- Audible Audio Edition
- Listening Length: 21 hours and 14 minutes
- Program Type: Audiobook
- Version: Unabridged
- Publisher: Recorded Books
- Audible.com Release Date: November 28, 2011
- Whispersync for Voice: Ready
- Language: English
- ASIN: B006FKNMX6
- Amazon Best Sellers Rank:
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Grasshopper Audiobook – Unabridged
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But Vine made an error that, for a less well-known author, would have been edited out by a competent editor, and I wonder if this book is a case of an editor being too afraid to touch the work of one of publishing's 'greats'.
Vine constantly (and by that I mean every two pages at one point) prefigures what is going to happen. It isn't subtle. It isn't delivery of red-herrings. She tells you, over and over, what is going to happen next. Typically in a crude, wooden, first-time author delivery of "Little did I know that in two days time the cat would be dead/I would be tossed out of my apartment/the police would come and haul Jonny away/the moon would crash into the Pacific". I became increasingly irritated by these give-aways which completely ruined the plot tension because it soon became apparent that these were not red herrings, but Vine was actually telling you what was going to happen. The moon always crashed into the Pacific on time, and the cat was run over and Jonny hauled away by the police.
Vine is an experienced author - what did she think she was doing? Or should I be moaning at the editor, too scared to tell Vine that these ruined the tension?
I did like the plot, it was intriguing, but it was also a little unbelievable and I think both Vine and the editorial staff could have worked a little harder on that.
So, a little disappointing Ms Vine. A bit sloppy.
As a side note to the publisher - I read this in the ebook version and whosoever among your junior staff you asked to proof the book in its ebook form should be sacked. Many, many typos, lower case letters to start sentences, lack of dialogue quote marks etc.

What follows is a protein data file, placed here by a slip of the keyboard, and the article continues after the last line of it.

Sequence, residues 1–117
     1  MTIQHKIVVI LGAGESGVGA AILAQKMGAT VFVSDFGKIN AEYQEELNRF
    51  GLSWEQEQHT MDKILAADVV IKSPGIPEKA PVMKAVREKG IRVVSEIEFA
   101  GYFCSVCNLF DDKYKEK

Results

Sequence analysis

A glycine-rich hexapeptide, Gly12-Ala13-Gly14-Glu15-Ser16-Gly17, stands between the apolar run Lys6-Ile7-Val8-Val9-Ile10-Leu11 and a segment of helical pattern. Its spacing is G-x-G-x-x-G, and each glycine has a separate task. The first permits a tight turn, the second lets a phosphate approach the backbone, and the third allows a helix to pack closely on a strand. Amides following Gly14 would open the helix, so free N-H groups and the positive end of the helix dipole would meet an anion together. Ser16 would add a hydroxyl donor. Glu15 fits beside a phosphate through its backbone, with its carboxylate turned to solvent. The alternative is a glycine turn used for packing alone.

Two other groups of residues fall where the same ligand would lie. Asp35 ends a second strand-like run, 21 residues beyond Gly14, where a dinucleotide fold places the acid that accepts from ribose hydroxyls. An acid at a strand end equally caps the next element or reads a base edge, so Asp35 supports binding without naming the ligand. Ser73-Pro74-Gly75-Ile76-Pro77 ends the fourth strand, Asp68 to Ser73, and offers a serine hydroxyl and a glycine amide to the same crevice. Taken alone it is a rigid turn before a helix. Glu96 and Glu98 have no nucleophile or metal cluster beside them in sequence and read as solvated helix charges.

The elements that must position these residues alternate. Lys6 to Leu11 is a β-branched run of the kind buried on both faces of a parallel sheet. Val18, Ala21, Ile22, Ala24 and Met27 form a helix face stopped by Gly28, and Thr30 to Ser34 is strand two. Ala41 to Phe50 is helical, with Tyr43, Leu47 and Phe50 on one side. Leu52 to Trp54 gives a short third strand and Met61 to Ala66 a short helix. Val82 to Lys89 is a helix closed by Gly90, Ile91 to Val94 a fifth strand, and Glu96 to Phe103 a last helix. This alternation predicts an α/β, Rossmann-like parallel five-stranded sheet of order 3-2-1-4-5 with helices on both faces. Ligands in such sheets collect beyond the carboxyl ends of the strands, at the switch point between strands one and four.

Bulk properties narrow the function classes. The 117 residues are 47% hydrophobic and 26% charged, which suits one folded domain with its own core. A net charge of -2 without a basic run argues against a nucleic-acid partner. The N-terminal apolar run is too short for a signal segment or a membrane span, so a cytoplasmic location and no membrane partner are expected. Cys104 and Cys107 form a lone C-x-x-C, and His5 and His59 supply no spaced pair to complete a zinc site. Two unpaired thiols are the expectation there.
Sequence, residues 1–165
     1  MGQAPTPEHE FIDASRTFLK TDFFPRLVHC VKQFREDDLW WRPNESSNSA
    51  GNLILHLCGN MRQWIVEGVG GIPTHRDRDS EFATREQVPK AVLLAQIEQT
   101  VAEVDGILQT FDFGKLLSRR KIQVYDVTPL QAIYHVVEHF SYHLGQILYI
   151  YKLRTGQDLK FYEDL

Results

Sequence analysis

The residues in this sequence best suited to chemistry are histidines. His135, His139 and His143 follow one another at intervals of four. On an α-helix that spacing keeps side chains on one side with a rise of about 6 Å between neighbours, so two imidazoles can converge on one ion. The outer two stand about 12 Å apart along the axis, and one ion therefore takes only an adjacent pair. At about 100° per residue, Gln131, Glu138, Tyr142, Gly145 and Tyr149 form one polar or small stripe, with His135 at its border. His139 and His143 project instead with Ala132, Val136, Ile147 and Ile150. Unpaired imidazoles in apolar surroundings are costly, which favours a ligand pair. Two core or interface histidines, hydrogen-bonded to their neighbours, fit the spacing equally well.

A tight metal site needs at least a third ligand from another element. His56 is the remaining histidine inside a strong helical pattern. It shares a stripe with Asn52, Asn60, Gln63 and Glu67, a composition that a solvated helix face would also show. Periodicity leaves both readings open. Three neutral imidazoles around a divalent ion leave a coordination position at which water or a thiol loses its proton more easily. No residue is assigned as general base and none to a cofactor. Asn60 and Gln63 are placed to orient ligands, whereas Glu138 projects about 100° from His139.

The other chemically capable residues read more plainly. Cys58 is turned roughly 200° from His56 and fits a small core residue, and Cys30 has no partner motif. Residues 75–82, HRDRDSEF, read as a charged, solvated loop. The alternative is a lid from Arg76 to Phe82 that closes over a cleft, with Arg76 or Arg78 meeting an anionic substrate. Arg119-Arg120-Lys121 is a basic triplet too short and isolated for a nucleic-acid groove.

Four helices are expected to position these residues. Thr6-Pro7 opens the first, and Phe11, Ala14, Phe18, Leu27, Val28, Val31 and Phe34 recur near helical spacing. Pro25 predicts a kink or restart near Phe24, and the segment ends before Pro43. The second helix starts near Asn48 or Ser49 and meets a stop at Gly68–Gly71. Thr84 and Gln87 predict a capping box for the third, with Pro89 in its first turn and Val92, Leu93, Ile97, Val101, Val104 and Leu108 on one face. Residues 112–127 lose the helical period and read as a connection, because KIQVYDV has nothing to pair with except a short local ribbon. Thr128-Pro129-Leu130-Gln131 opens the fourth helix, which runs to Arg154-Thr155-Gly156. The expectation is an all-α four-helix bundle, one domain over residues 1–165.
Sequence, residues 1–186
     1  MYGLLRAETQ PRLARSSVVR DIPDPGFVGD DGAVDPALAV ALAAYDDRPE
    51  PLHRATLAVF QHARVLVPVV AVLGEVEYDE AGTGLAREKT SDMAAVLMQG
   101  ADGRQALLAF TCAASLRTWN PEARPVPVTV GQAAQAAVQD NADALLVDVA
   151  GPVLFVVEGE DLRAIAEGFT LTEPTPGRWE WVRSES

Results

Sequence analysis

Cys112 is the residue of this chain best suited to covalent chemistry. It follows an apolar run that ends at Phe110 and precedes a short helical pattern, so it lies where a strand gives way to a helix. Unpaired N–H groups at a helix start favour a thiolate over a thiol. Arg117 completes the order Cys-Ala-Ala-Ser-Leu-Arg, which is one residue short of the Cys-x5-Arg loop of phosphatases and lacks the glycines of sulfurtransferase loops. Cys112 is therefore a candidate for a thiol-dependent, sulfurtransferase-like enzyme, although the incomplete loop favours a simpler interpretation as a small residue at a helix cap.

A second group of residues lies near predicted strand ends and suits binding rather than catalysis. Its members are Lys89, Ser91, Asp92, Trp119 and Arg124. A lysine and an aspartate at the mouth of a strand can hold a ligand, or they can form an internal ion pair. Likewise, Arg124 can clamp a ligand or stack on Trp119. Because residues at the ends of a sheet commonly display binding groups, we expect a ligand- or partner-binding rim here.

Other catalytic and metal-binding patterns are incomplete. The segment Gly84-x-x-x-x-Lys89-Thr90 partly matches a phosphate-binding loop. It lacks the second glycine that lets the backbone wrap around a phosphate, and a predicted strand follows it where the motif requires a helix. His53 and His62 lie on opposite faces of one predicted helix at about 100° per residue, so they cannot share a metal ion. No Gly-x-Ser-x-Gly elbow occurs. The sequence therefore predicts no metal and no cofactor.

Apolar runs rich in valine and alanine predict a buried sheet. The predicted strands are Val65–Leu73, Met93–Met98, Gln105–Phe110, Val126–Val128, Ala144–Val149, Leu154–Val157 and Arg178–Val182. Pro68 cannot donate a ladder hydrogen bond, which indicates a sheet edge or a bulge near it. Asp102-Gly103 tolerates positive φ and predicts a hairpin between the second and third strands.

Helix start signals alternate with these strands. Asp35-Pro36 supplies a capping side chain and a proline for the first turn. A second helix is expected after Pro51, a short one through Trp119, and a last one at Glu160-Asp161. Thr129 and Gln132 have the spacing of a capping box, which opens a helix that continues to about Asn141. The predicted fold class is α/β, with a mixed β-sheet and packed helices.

I find it refreshing that Rendell/Vine writes about outsiders -- I get tired of reading about lawyers and academics. And these are middle-class outsiders, not so very far from many readers and our children. I found Clodagh believable if not entirely engaging, and Silver, her boyfriend, right on. An idealistic young man with an inherited income who does not distinguish between good and evil, but finds everyone interesting, and learns through experience observing the other young people in his flop of an apartment. He cannot imagine evil until he meets it...
That said, it does not really have one main story line, but multiple threads, without a central conclusion. That didn't bother me. If you enjoy a read you can really get your teeth into, this is for you. If you prefer a standard mystery formula, then maybe not.
Still, I could say the same about virtually any of Rendell/Vine's work. "Grasshopper" features rich characterizations and a fine narrative that carries the story rattling forward. Where it falls short of her earlier achievements is in the plot, which is contrived in places. Elements from previous works ("A Fatal Inversion," "King Solomon's Carpet", and "The Tree of Hands") are recycled here, less effectively than in the earlier works. Rendell always drops subtle hints about what is to come and makes extensive use of foreshadowing, but here the payoff is less than what her readers have come to expect. Usually she succeeds in delivering at least one jaw-dropping surprise per book, and puts in a vicious twist of the knife at the end. Unfortunately, she does not do that in "Grasshopper."
In spite of these shortcomings, I thoroughly enjoyed this book. The central character in particular is believable and appealing, and as always the narrative is peppered with Rendell's keen observations of human behavior. I would recommend this book for those familiar with her work; however for those who are not, "A Fatal Inversion" or "A Dark-Adapted Eye" are better places to start. (For a very fast read, try "The Tree of Hands", or "Going Wrong.")